White House Awards $2.3B for California High-Speed Rail

California’s bid for a federal high-speed rail network with top speeds exceeding 200 miles per hour is often called the "only true" bullet train proposal on the table — and the Obama administration agreed today, bestowing $2.34 billion on the Golden State to the delight of lawmakers and rail advocates.

The largest share of the state’s high-speed rail award, $2.25 billion, will go towards an Anaheim-to-San Francisco link that is expected to cost about $42 billion to complete.

20091026134234_Preferred_state_102209pm.jpgGraphic: CHSRC (click to enlarge)

Smaller grants were given to improve service on the San Diego-Los Angeles Surfliner route, the Capitol Corridor route from Sacramento to the Bay Area, and to give trains new emissions control equipment.

The popular Capitol Corridor route will get a $29.2 million infusion — including $6.2 million for the Sacramento Rail Relocation Project and $23 million will be allocated to "easing bottleneck conditions" between Davis and Sacramento.

"We can now move full speed ahead with these projects immediately, creating much-needed jobs, improving mobility options by enhancing Capitol Corridor intercity passenger train service and generating regional economic activity," Capitol Corridor Managing Director David B. Kutrosky said in a statement.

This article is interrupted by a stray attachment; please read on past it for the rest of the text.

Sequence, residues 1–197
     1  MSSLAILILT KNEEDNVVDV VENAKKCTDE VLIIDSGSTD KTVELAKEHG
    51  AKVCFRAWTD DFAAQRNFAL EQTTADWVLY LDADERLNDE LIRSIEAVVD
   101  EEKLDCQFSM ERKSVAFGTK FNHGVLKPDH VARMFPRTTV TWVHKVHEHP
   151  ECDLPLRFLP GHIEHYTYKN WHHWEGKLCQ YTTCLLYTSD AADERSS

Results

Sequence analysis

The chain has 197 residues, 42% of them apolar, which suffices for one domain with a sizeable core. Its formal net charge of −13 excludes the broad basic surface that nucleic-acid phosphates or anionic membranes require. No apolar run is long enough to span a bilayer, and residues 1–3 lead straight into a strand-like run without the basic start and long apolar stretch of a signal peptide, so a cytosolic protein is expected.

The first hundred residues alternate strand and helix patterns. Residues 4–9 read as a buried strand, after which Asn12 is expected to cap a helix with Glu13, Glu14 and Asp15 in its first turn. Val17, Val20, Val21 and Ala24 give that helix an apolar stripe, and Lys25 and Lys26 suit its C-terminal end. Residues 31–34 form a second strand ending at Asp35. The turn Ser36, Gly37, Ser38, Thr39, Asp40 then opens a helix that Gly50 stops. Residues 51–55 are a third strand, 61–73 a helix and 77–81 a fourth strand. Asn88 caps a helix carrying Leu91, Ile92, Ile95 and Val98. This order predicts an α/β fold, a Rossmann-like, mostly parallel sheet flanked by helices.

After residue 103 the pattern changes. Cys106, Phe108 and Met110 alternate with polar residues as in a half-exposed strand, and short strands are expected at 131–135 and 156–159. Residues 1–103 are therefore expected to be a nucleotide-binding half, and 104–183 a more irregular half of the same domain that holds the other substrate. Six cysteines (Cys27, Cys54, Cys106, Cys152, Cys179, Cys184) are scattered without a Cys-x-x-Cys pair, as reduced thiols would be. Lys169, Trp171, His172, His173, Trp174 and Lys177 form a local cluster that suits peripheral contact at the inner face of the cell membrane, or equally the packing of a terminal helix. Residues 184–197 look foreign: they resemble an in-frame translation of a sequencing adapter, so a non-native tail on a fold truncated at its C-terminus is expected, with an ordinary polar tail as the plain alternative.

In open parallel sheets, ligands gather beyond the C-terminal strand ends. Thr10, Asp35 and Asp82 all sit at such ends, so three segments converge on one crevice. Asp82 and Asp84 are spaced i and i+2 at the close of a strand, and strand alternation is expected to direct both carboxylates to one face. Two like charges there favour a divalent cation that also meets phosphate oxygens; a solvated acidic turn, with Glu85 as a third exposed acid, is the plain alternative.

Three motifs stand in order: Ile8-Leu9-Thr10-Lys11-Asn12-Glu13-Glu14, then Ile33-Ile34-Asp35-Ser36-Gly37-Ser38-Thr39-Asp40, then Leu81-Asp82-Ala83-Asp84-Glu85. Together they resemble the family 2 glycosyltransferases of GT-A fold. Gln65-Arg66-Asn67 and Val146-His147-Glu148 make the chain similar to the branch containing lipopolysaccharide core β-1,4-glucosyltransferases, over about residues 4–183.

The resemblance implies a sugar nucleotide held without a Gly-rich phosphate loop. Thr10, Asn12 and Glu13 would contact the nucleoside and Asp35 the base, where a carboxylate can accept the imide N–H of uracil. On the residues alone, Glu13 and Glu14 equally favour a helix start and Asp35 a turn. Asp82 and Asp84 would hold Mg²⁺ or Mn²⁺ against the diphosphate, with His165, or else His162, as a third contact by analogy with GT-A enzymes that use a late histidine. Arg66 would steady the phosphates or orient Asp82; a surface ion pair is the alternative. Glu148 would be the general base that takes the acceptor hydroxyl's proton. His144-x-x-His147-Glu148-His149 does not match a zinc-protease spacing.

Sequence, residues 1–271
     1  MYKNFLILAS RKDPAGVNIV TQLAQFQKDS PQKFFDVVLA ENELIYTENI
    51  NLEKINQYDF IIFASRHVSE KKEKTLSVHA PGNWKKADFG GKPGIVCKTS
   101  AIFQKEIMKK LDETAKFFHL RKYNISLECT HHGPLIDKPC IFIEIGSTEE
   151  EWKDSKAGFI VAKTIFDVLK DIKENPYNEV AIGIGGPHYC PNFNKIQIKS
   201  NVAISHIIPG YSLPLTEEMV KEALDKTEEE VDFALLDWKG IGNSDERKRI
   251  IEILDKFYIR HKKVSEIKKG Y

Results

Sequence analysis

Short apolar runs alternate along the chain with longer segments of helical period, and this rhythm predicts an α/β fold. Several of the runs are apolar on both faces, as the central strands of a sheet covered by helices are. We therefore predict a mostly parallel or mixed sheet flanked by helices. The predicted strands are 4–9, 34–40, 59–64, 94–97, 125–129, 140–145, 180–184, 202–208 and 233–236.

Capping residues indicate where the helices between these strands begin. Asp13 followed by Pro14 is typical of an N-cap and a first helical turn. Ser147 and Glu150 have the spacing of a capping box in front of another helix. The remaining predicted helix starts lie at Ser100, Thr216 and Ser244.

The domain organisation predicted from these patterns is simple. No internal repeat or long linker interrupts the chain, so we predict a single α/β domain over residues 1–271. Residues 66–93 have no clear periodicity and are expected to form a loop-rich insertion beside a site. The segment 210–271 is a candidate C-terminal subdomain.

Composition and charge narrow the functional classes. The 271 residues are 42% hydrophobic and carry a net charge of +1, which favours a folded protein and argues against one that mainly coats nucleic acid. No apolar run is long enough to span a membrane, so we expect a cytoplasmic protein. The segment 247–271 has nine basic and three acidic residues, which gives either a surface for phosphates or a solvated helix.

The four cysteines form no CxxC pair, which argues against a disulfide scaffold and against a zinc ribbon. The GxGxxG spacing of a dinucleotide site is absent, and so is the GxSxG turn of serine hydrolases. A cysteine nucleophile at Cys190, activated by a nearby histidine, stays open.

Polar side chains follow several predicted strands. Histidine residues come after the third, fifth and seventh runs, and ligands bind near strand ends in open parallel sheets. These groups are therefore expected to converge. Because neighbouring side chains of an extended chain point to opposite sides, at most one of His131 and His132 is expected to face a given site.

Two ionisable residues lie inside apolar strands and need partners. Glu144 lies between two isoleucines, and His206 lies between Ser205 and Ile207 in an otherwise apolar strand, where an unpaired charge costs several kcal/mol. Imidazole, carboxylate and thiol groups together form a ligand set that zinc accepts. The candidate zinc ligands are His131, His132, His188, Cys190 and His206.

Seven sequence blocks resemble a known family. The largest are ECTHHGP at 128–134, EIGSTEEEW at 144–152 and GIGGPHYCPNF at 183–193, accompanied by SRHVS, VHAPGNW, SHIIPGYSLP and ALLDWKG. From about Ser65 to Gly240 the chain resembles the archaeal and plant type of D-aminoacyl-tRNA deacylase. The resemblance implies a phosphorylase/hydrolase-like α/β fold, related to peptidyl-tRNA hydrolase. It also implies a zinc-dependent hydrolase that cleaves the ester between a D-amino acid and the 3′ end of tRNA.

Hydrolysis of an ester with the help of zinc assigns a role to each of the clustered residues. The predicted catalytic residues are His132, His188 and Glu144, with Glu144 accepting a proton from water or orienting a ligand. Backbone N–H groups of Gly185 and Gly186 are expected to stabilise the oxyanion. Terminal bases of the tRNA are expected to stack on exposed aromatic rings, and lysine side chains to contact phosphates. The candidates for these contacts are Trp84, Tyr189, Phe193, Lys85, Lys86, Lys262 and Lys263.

The White House grant is less than half the size of the state’s initial $4.7 billion allocation, but the California High Speed Rail Authority (CHSRA) has the voter-approved ability to match the federal aid dollar for dollar.

U.S. High Speed Rail Association chief Andy Kunz praised the administration’s decision to spread high-speed rail aid out among 13 different corridors, prodding states such as California to "get creative" and leverage other funding sources.

State are "all going to scramble, going to build their own money and support systems to get these things up and running," Kunz said in an interview.

Indeed, CHSRA chairman Curt Pringle hailed the funding decision, predicting that "it will benefit every single section of our planned high-speed rail system by moving this entire vision closer to reality."

California’s case for White House rail money was also strengthened by bipartisan cooperation between Gov. Arnold Schwarzenegger (R) and Democratic officials in Sacramento. Both sides of the aisle were elated at today’s announcement.

The governor released a statement touting the upside of the state’s shared approach. "California’s leaders came together to support and submit one high-speed rail proposal and because of that, $2.3 billion will now flow into the California economy," Schwarzenegger said.

State Senate President pro tem Darrell Steinberg (D) used the moment to rally residents around continued investment in rail. "Today the federal government showed confidence in the promise of this state," he said in a statement. "It is up to us to deliver on that promise."